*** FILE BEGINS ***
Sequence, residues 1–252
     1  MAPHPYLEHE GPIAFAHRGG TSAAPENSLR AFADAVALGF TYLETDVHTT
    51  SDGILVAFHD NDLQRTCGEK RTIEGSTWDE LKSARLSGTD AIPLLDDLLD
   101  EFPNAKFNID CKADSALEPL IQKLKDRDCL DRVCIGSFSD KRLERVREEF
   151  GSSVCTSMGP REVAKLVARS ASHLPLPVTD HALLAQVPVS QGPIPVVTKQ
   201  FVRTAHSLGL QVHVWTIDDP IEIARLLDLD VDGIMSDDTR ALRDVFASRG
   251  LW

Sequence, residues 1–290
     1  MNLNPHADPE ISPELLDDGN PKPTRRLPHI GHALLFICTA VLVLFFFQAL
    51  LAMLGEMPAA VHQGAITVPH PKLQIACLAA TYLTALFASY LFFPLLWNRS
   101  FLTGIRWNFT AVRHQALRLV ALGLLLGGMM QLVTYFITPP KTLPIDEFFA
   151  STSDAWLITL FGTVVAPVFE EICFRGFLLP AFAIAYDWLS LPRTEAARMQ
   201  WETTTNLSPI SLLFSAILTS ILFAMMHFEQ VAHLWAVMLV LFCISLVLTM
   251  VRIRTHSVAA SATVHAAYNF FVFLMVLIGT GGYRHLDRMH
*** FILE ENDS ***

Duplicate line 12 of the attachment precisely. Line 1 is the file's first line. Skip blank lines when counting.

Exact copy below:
   151  STSDAWLITL FGTVVAPVFE EICFRGFLLP AFAIAYDWLS LPRTEAARMQ